Cyber Bullying

So, today, I was just looking up some videos to watch when I found this video about Rebecca Black and her, “cyber bullying” problems. This annoyed me for so many reasons.
Here’s the thing: when you were in school, listening to your teachers and other adults striving for a paycheck, you were told how magnificient you were and how no one had the right to judge or criticize you except for your superiors ( Teachers, parents, elders, etc.) They also told you many tragically false ways to deal with cyber bullying, making us naive enough to think we could depend on adults to help us with our internet problems. The truth is we cannot.
When my teacher told me that whenever I got a troll comment, I should report the troll and go run to my mommy and tell her. Well… remember the merry old tale of Jessi Slaughter? She did what all her teachers told her: she ran to her daddy and they made a video. Why?
Well, sit here children and now you’ll hear
the story of J.S and how she was brought to her tears.

One day, a little 11 year old moron decided to make a Youtube series. The internet didn’t like her series, and decided to troll her. Moron McStupid here decided to rebutt the internet, and the almighty Internet¬† liked that even less. It decided to troll her so much she ran crying and screaming to her daddy, making everything even worse. She became so famous that everyone came to see her videos to troll her . Poor little Moron was driven to never leaving her house again for many, many years and she never had a friend again.

What was the point of this sad tale of Jessi Slaughter? To prove my point: no one can save you from cyber bullying. Once it starts, it will never stop and have driven some to suicide. So how do you prevent this from happening? Well, the answer is simple, really: it still is, however, very long.

The internet generally has one big opinion: whether or not you agree with its opinion doesn’t matter. The internet will go on and trample you on its way. Many people have tried to disagree with this opinion and all ended up like Jessi Slaughter. Not all bothered to disagree, some just decided to make themselves easy targets, like the Stop Calling Me a Homo kid.¬† So what’s the best way to avoid being the next Jessi Slaughter?Simple, really.

Avoid internet profiles entirely.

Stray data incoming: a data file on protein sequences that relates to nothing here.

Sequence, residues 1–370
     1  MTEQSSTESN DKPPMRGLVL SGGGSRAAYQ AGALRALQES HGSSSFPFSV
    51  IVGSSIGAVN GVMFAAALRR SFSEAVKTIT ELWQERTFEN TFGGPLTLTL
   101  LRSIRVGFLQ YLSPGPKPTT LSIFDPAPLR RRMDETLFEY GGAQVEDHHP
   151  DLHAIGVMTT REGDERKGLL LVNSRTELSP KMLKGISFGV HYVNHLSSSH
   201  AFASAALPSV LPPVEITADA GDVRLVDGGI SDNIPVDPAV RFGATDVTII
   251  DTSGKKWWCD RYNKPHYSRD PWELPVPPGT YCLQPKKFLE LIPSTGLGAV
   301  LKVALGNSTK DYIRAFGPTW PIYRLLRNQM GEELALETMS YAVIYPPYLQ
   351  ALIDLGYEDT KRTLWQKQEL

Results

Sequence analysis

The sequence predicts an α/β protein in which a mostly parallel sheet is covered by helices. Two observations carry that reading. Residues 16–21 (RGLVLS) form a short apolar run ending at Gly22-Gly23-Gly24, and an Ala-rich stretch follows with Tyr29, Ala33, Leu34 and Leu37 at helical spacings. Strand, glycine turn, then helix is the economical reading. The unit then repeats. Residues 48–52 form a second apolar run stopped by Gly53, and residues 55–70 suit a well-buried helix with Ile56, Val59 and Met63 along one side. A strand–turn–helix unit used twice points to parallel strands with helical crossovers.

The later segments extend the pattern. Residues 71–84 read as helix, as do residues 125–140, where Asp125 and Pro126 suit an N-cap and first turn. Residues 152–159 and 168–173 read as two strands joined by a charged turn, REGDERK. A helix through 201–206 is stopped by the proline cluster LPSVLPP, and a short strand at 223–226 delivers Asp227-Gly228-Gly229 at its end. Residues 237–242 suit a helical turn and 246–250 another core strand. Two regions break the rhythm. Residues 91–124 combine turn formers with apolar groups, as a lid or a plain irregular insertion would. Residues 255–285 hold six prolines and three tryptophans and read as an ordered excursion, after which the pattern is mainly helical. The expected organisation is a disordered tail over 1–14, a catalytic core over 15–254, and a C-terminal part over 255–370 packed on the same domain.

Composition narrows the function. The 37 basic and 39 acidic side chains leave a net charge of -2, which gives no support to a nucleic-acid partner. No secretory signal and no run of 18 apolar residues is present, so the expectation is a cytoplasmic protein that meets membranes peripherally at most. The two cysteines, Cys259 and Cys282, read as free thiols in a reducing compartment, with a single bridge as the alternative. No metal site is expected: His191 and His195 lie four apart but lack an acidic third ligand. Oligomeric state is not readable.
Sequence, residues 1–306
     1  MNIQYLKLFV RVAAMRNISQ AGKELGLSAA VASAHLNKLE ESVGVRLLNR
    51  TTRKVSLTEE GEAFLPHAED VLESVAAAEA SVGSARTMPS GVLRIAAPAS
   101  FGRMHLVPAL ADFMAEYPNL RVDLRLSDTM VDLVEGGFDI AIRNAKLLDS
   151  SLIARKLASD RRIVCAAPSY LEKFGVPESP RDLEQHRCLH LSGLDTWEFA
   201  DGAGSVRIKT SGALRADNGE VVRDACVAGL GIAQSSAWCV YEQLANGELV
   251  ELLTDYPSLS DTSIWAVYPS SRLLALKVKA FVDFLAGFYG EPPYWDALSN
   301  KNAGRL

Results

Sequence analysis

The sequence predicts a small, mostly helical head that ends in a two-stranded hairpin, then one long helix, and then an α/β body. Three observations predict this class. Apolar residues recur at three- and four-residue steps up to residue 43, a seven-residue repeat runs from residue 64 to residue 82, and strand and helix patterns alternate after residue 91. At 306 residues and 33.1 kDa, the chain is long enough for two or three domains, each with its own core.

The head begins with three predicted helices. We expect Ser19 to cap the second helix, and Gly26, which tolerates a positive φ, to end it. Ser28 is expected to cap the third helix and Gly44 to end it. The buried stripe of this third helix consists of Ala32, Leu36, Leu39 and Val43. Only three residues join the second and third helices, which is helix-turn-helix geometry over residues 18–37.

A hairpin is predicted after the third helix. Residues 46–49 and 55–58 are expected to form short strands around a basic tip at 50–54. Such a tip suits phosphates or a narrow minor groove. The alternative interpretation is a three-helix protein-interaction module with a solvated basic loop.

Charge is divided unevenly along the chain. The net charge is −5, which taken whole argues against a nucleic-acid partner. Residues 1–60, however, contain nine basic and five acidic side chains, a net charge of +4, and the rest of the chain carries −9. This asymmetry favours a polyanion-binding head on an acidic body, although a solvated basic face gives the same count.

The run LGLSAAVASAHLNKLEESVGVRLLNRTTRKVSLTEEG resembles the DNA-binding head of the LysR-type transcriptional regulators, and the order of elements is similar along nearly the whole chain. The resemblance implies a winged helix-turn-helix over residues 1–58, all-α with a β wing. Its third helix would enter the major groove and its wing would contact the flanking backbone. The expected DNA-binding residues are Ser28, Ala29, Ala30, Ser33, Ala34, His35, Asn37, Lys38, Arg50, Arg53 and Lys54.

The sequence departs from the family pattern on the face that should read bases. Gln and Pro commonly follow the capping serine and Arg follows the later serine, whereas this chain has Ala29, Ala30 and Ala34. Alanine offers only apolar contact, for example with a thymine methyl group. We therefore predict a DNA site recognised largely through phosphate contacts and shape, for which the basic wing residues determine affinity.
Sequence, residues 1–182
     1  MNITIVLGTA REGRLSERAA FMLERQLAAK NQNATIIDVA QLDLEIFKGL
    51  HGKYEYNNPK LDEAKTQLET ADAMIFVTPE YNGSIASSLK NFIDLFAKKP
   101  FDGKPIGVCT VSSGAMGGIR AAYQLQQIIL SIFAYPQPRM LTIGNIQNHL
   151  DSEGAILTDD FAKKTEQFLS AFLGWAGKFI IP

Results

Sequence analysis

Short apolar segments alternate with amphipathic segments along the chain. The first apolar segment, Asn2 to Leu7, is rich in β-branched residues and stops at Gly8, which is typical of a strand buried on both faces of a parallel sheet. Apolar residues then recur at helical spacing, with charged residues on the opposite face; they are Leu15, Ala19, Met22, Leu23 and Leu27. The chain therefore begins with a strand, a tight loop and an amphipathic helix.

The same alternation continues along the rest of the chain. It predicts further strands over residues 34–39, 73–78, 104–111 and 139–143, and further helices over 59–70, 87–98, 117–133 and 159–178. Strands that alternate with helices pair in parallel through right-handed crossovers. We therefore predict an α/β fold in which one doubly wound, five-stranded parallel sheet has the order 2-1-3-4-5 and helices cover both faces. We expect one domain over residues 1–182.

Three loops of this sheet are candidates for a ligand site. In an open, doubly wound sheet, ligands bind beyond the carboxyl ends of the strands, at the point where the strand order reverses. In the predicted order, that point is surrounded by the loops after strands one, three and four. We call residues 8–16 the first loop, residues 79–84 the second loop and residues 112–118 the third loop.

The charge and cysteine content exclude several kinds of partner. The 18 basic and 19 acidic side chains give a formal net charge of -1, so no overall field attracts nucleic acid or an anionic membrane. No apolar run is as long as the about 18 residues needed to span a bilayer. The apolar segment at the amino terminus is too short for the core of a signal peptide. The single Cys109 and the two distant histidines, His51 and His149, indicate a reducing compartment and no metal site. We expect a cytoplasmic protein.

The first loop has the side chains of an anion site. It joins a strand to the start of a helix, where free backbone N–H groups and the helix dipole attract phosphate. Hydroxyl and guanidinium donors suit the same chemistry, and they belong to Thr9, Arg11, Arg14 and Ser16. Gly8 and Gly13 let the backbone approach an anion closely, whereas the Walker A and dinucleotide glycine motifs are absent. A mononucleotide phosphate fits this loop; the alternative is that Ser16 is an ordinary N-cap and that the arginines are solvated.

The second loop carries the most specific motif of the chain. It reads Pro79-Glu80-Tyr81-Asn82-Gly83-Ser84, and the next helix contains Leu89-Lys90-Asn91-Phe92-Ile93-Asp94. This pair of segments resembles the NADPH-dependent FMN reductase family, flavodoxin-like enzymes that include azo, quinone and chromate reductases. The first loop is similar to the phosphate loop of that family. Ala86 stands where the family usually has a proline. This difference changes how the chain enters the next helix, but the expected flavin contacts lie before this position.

Go ahead, read a blog. Watch a video. Try and keep track of someone on Twitter without following him/her. Just don’t make any accounts. Don’t post any comments, post any videos, don’t dislike or like any videos, just don’t make any identity on the internet, just be a shadow, a spectator watching in silence, sitting while no one takes notice of you. Why?

The answer is probably the most complex thing here: it’s the Everyone is a Judge system. Whenever you post something on the internet, from a comment to a facebook app, everyone who sees it automatically earns the right to judge you and say whatever they want to you. However, the minute you post your judgement, people will judge you, and the process goes on. If the general opinion from judges is positive, 99% of your comments and responses will be positive, and vice-versa. If judges like you, they will shower you with praise and tell you how wonderful you are, but if they don’t like you, they will tell you to die horrible, painful deaths.

So, my advice to Rebecca Black, Justin Bieber, Stepanie Meyer, and other unlikable celebrities, the best way to get people to stop hating you is to go away and never rear your ugly head again. For those who want to be internet celebrities or normal famous people, just remember: no matter who you are, the internet will judge you. And if the internet doesn’t like you, prepare to be a modern day Jessi Slaughter.

Word Count: 672

Average words per post: 563

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